James Gandolfini, who portrays former CIA head Leon Panetta, sent a note to Panetta before the film came out, writing, "I'm very sorry about everything. I apologize. You're like my father, so you'll find something to be angry about, but please let me know." For months, there was silence. Then, as the film was in the middle of awards season in early January, screenwriter Mark Boal told Gandolfini, "Leon Panetta would like your phone number because he doesn't know how to get in touch with you." The actor was surprised, saying, "He's the head of the CIA! He can't find me? Come on, really?!"
The person who is the subject of the manhunt at the center of this movie is referred to interchangeably as "Osama bin Laden" and "UBL" (for "Usama bin Laden"). The reason for this inconsistency is the real-life fact that there is no one, standard system for transliterating languages that use non-Latinate alphabets (such as Arabic or Hebrew) into English. Since the events of September 11, 2001, "Osama" has been the most common rendering of his first name in the American press, but "Usama" is the version that has always been more commonly used by the intelligence community.
The bizarre, four-lens night vision goggles worn by SEAL Team Six are, in fact, authentic. They are cutting-edge GPNVG-18 (Ground Panoramic Night Vision Goggles), manufactured by L-3 Warrior Systems. The extra lenses provide more peripheral vision to the operator.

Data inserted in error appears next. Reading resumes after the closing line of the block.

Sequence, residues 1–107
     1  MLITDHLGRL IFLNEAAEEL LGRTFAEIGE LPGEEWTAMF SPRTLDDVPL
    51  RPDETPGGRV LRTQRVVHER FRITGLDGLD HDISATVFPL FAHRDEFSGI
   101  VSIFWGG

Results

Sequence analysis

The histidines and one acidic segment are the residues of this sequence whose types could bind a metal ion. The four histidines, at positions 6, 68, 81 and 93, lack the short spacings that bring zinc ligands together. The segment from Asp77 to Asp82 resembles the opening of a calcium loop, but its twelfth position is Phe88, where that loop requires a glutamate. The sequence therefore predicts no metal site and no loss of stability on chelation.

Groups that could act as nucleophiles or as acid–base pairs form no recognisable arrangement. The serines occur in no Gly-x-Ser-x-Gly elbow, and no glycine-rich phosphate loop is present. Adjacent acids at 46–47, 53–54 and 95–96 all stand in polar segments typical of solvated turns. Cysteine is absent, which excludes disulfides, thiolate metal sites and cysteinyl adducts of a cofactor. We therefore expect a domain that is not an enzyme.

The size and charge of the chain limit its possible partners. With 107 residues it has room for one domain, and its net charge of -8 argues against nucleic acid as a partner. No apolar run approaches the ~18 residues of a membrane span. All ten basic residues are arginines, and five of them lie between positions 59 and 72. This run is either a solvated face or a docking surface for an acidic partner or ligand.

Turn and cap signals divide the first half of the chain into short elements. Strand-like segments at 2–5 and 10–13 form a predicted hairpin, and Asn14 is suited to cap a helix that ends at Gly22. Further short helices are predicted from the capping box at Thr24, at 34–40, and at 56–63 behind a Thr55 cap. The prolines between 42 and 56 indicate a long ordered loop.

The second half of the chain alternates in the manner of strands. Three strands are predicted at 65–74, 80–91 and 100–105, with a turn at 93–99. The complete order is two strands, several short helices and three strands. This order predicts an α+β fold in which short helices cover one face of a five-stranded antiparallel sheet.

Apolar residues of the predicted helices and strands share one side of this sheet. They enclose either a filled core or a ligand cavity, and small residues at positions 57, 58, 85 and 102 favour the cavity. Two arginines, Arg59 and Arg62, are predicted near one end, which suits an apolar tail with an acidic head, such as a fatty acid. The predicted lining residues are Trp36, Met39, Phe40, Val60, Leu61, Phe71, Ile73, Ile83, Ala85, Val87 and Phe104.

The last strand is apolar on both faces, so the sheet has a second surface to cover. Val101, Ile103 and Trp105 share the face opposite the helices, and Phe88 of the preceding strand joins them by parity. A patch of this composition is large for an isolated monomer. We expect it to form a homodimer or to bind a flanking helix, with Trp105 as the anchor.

Originally conceived as a project about the battle of Tora Bora, Mark Boal completely re-wrote the script after Osama bin Laden was shot and killed. It took him five months and he was not paid for the re-write.
"Zero Dark Thirty" is not a military term that means 12:30 AM. "Zero Dark" is not midnight. It simply refers to an early/late time of the day (Depending on your perspective), often referred to in a negative light. It is similar to the phrase "Beer-thirty."
Chris Pratt went through vigorous training and boot camp to prepare for his role. He has also partake the famous "O-Course" in the Naval Amphibious Base Coronado, but gave up when he attempted to swim through cold water.
Several important factors in the preparation and execution of the raid, as detailed in the book "No Easy Day," were glossed over or not mentioned in this film. These include, specifically, 1) the debate over whether to bomb the compound or conduct a special forces raid, 2) the construction of a complete training mock-up of the compound in North Carolina and repeated drills using the same SEAL teams and helicopters, as on the eventual raid, and 3) the presence of backup Black Hawks at a forward staging area during the mission, which proved to be vital to recovering the team after the crash of the stealth Black Hawk during the initial insertion. It is assumed these were left out for dramatic purposes.
This movie depicts a high-level CIA official (known in the film as "The Wolf" and played by Fredric Lehne) as a devout Muslim. This corresponds with a March 24, 2012, Washington Post article titled "At CIA, a Convert to Islam Leads the Terrorism Hunt," which (pseudonymously) profiles "Roger," the chief of the CIA's Counterterrorism Center, and identifies him as an adult convert to Islam.